National Australia Bank's nightmare is about to deepen. Sam Dastyari, the high profile chairman of the influential Senate Committee on Economics, has taken the dramatic step of seeking co-operation from the British parliament.
It comes as speculation mounts that compensation claims in Britian could blow to at least £1 billion, or as much as £4 billion, according to Abhishek Sachdev from Vedanta Hedging.
Senator Dastyari, who recently visited Britain, has written to the powerful British Treasury Select Committee chairman Andrew Tyrie following the release of a damning parliamentary report into alleged misconduct of British banks, including NAB's Clydesdale and Yorkshire banks.
The letter suggests developing a cross-border relationship including sharing relevant documents that relate to the NAB financial planning and loan scandals. "The committee I chair is investigating several allegations that NAB employees engaged in systemic misconduct here in Australia; and further, that NAB executives attempted to conceal their internal investigation and disciplinary actions from our government regulator, the Australian Securities and Investment Commission (ASIC)," Senator Dastyari says.
The investigation into NAB is part of an ongoing inquiry into misconduct in the Australian financial advice industry, including Commonwealth Bank, Macquarie Private Wealth and ANZ Bank's role in bankrolling the collapsed managed investment scheme Timbercorp, which wreaked havoc on its victims.
The letter comes less than two weeks after the Treasury Select Committee released a report that called on Clydesdale Bank and Yorkshire Bank to overhaul their internal review compensation scheme. "Clydesdale's own internal review of potential mis-selling [of interest rate hedging products to small business] appears to have serious shortcomings," the committee says. "It lacks public oversight, transparency and is limited in scope. All three of these problems need to be addressed by Clydesdale."
It has raised questions about NAB's plan to float its British banking arm later this year.
It has prompted speculation about the size of the potential compensation..
Thousands of victims have been caught up in the British scandal, including John Glare who lost his business, his home and was made bankrupt. Glare is trying to rebuild his life and is suing for consequential damages of £6 million. He has set up NAB Customer Support Group, which has more than 130 members, who are also looking for compensation from NAB.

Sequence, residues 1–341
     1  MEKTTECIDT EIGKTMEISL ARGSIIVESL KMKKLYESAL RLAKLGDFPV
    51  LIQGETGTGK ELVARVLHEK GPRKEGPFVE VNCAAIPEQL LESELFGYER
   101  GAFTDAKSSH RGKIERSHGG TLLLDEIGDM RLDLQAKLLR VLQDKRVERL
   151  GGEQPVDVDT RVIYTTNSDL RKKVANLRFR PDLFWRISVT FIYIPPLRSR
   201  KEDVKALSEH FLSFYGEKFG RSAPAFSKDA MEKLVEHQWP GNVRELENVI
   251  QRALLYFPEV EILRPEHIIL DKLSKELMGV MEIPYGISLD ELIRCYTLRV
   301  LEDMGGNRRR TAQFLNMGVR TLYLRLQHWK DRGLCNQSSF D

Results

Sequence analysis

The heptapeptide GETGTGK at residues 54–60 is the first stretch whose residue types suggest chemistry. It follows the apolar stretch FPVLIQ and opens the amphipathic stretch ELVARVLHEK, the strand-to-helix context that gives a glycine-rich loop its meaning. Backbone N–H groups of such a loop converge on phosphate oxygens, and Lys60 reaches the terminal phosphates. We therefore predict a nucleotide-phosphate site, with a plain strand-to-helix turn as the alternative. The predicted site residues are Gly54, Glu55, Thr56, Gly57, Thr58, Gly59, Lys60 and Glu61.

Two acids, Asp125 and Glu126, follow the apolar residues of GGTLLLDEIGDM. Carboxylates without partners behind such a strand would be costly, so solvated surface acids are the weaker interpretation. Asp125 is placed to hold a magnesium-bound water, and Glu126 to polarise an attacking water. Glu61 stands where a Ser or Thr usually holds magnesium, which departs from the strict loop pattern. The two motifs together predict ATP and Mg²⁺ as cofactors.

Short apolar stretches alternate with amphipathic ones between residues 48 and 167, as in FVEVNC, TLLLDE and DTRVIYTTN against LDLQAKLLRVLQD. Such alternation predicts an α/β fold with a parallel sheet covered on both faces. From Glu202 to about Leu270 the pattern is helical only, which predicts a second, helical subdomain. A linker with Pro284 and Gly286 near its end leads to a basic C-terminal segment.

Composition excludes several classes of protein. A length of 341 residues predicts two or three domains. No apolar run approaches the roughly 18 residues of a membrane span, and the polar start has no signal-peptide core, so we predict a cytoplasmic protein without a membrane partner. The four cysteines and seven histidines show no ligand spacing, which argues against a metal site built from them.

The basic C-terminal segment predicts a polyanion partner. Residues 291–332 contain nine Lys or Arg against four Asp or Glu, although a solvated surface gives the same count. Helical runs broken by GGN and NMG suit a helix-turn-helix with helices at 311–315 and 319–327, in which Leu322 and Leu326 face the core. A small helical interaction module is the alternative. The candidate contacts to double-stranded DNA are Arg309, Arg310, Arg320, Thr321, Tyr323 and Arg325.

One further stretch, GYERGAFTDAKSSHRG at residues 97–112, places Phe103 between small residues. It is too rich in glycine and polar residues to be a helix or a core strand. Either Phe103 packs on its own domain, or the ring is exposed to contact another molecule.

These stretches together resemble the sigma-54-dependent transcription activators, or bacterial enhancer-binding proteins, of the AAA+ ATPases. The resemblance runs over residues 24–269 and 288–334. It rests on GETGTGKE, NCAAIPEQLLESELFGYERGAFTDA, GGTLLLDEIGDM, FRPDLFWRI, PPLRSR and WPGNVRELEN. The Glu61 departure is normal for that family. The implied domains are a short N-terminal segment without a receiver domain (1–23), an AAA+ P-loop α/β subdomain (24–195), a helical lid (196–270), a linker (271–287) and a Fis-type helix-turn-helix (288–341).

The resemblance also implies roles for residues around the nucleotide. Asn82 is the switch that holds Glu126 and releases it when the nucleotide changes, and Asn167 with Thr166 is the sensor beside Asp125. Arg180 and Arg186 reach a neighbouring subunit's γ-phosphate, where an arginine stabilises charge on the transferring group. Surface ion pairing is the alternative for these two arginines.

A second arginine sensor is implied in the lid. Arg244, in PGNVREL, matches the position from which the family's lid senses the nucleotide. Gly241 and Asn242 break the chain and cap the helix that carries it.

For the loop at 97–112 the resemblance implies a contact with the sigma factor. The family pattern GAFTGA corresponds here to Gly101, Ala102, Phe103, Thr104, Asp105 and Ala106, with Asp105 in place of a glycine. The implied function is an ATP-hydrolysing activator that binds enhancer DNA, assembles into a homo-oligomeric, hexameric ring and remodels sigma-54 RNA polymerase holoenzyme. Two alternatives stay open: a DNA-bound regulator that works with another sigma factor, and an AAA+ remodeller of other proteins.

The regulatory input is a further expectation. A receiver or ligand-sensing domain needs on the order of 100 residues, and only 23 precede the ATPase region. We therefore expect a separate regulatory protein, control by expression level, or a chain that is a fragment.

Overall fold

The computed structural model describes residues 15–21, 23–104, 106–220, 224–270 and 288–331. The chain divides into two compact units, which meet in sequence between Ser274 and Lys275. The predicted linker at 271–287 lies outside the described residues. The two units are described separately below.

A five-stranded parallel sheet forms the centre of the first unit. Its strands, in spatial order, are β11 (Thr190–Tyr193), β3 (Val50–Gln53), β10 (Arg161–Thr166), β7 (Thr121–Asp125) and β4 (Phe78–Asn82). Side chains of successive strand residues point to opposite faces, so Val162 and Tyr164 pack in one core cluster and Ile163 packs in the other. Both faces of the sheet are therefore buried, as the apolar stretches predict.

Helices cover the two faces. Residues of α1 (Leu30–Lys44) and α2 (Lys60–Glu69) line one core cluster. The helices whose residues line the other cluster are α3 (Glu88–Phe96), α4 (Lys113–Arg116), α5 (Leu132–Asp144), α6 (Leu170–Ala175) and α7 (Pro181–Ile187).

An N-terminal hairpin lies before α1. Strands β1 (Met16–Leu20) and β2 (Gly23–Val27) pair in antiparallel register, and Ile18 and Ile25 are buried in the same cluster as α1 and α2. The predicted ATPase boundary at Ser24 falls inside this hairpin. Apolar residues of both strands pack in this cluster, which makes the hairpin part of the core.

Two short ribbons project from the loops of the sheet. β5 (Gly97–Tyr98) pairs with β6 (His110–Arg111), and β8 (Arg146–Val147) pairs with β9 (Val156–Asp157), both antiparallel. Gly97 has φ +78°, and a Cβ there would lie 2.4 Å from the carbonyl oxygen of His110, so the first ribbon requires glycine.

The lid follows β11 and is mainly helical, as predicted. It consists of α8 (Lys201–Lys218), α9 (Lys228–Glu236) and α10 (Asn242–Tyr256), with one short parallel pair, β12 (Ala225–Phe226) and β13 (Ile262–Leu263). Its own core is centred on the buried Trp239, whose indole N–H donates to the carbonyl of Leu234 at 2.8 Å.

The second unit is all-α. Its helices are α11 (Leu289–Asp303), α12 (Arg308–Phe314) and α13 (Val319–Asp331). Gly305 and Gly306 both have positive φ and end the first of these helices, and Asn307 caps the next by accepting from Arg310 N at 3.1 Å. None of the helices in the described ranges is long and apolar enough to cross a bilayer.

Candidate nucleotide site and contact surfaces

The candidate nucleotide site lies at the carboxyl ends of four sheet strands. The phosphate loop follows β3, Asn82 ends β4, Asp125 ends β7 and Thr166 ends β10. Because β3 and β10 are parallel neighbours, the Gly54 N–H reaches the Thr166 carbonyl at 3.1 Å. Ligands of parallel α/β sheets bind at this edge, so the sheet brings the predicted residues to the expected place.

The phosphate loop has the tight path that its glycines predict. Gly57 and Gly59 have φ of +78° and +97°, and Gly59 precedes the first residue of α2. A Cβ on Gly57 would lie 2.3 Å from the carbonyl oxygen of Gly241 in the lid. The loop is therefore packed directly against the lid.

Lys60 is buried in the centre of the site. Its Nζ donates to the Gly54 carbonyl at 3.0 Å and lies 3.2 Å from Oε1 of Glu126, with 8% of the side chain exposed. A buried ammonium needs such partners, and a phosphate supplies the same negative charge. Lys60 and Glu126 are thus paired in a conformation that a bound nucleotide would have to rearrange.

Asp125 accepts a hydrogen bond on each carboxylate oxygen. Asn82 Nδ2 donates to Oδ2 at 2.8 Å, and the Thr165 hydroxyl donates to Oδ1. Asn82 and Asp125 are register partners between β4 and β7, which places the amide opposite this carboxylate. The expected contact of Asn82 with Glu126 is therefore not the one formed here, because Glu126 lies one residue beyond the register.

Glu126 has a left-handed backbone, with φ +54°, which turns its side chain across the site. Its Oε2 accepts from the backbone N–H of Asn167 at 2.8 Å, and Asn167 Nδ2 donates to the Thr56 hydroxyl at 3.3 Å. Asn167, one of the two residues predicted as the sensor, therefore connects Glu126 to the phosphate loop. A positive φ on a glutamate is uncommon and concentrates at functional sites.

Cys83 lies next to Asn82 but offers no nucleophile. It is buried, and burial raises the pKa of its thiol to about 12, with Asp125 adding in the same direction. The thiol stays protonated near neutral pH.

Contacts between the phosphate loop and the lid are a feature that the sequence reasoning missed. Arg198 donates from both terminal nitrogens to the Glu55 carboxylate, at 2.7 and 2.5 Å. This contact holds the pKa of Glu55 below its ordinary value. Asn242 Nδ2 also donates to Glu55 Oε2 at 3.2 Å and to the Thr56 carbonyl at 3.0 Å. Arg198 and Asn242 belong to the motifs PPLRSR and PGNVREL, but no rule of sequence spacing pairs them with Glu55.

Abhishek Sachdev from Vedanta Hedging, who played a key role in instigating a regulatory review of interest rate hedging products (IRHP) for small businesses that covered nine banks, says the size of the claim is based on three elements: the cost of overpayment of interest, the break fees and consequential damages.
For a typical SME exposed to a TBL, Sachdev expects the three items to total at least £500,000 (based on a swap breakage cost of £200,000 on a £1 million loan, £200,000 of payments and £100,000 of consequential losses). He says this is a conservative amount and some SMEs will have claims several times this size.
Under the litigation approach, the cost to NAB could be £400,000-£500,000 for each SME claim. If this is extrapolated across the 8000-plus TBLs it has sold, the figure could blow out to between £3 billion and £4 billion, he says. But if NAB settled via an internal review the cost could be less than £1 billion. "The simple reason is that there are dozens of clever loopholes and justification within the internal review process that NAB will use to justify paying only a fraction of the actual claim value," he says.
NAB's cumulative provisions for interest rate hedging products to the end of last financial year was £431 million. Clydesdale sold 11,271 tailored business loans (TBLs) between 2002 and 2012. Of those, 8372 are unregulated. The bank would not disclose how much compensation has been paid to customers of its TBLs but last year it told parliament it was assessing 550 customers and compensation paid was less than £10 million. On page 95 of its financial accounts, it said "the extent of future complaints on TBLs [tailored business loans] is uncertain and a further provision could be required". The figures are conjecture but the speculation shows how front of mind the problem in Britain has become.
It comes amid an investigation into its financial planning arm in Australia after revelations by Fairfax Media that it had quietly sacked 37 planners in the past two years and filed breach reports with eight.
The Australian investigation follows the release of a cache of internal documents from a NAB whistleblower to Fairfax Media last month. It is why Senator Dastyari is keen to do some cross-border sharing.Author: Adele Ferguson
Source: Sydney Morning Herald